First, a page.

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How the switch to 9mm got even better for this Florida sheriff’s office

Brevard County Sheriff’s Office loved the 9mm duty pistols they had acquired just two years before – then traded them in for the firearm’s impressive new sibling

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A Brevard Co. Sheriff’s Office Deputy displays the Walther PDP

Brevard Co. Sheriff’s Office (Florida)

In 2019, the Brevard County Sheriff’s Office (BCSO) in Florida decided to replace its 40-caliber duty pistols with 9mm firearms. “We wanted to downgrade since law enforcement – federal, state and local – were now looking at the 9mm round as opposed to 40-caliber, which is a big savings in money,” said Corporal Larry Plotkin, rangemaster for BCSO with over four decades of service in law enforcement. “And the technology now in a 9mm round is equivalent to the 40, in terms of the punch power it carries.”

Replacing not just 1,200 pistols, but also holsters, magazine pouches and ammunition was a very big, very expensive proposition that warranted extensive research and testing. BCSO ultimately decided to purchase the Walther PPQ, which had recently entered the law enforcement market. “We loved that pistol,” said Plotkin.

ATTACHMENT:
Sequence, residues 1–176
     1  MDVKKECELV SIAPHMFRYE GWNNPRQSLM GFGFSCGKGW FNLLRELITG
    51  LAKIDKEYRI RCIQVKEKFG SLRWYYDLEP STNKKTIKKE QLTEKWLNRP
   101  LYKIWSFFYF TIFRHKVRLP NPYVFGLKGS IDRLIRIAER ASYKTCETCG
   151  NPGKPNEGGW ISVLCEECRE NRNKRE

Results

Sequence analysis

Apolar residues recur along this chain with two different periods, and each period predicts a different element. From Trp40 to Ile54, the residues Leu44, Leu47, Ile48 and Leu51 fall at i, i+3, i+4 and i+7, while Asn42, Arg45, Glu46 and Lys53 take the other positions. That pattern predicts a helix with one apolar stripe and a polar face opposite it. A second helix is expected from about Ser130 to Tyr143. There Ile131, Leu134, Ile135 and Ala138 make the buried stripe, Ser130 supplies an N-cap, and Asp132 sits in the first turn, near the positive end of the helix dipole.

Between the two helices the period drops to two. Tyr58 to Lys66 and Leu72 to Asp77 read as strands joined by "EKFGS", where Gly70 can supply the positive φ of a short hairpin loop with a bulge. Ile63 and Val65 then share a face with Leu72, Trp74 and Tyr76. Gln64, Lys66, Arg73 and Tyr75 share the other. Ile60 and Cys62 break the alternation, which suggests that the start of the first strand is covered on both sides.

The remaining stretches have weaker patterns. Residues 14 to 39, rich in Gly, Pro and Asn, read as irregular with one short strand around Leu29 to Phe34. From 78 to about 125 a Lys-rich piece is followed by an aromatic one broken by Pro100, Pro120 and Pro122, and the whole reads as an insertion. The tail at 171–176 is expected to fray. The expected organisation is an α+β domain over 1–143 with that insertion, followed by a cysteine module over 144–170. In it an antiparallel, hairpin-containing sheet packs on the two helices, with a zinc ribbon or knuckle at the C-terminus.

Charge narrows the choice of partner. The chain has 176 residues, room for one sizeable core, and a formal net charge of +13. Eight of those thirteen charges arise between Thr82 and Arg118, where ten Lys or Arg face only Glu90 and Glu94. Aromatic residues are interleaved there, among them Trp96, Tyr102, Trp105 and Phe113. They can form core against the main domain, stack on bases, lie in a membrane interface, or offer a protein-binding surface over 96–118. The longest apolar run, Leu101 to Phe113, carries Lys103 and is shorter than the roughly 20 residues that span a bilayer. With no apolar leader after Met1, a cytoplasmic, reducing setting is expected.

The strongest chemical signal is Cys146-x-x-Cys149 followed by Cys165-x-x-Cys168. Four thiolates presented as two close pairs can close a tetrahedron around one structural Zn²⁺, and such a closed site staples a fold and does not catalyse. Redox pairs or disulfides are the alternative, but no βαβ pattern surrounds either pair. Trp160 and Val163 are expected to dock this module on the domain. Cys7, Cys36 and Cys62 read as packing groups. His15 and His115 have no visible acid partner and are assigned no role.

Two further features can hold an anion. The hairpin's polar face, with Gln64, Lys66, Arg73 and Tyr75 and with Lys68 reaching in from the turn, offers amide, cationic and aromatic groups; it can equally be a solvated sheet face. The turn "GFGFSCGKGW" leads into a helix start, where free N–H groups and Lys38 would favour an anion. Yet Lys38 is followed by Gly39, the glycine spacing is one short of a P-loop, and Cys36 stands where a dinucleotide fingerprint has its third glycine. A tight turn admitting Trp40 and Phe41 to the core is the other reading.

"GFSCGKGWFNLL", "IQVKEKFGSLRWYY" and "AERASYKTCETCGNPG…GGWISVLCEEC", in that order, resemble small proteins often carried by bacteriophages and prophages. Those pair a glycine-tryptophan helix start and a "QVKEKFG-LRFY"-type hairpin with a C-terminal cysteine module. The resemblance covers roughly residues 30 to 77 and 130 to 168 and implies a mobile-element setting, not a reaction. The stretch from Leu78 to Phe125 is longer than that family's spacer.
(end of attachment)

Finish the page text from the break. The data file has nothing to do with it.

But after making a sizeable investment in equipping the department with Walter PPQs – and being pleased with the overall performance for two years – when the Walther PDP hit the market, BCSO made the decision to switch its duty pistols again. Not because there was anything not to like about the PPQ – it’s just there was something better.

In fact, in the two years BCSO had the PPQ, Plotkin continued to give feedback to Walther about additional features that would make the PPQ even better. The manufacturer took his feedback into consideration when designing the PPQ’s new sibling, the PDP.

“I got a first taste of the PDP before it was even released and I realized that this is the gun we really need,” said Plotkin. “We thought the PPQ was great, but the PDP just blew that away. That’s kind of how it transformed into, ‘Okay, let’s get this gun and test this one now.’”


When Plotkin and other deputies from BCSO were evaluating the PDP, they were looking for certain features that were not built into the PPQ. Ultimately these features – and a few others – led them to replace their PPQs with the 4.5-inch, full-size PDP with an 18-round magazine capacity.

1. The PDP is optic-ready

The main selling point of the PDP is that the PDP is optic-ready and accepts red dot sights from various manufacturers.